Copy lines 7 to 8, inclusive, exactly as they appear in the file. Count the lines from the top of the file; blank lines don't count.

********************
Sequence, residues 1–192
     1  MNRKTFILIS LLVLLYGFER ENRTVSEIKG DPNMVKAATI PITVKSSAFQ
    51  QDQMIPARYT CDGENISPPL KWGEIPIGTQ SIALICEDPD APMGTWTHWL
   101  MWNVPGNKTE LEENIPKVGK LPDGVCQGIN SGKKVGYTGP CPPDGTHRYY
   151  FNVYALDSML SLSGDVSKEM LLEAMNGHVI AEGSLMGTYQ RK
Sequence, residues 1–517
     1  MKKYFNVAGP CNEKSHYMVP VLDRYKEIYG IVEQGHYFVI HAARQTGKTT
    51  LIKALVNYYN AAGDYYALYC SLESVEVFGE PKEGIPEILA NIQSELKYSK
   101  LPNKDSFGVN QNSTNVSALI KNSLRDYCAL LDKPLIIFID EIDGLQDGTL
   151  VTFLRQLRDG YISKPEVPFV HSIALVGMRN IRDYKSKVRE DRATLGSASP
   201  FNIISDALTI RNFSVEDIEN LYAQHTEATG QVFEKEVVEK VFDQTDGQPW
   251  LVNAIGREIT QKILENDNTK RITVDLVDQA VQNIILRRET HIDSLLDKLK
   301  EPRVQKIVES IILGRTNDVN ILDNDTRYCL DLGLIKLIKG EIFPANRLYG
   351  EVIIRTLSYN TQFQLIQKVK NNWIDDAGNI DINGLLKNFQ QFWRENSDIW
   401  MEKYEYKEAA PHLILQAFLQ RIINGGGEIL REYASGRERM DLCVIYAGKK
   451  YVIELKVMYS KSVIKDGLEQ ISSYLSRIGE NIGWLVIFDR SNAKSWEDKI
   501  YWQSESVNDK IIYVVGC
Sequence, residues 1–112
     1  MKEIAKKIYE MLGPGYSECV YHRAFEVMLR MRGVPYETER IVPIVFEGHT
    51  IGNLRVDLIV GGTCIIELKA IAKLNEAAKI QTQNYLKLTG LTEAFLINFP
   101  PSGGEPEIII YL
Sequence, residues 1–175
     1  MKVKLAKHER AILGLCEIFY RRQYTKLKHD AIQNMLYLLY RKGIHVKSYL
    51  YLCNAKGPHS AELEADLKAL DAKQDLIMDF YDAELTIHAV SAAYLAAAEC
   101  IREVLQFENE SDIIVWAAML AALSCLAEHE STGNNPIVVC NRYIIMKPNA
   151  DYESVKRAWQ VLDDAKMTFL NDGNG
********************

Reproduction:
     1  MKKYFNVAGP CNEKSHYMVP VLDRYKEIYG IVEQGHYFVI HAARQTGKTT
    51  LIKALVNYYN AAGDYYALYC SLESVEVFGE PKEGIPEILA NIQSELKYSK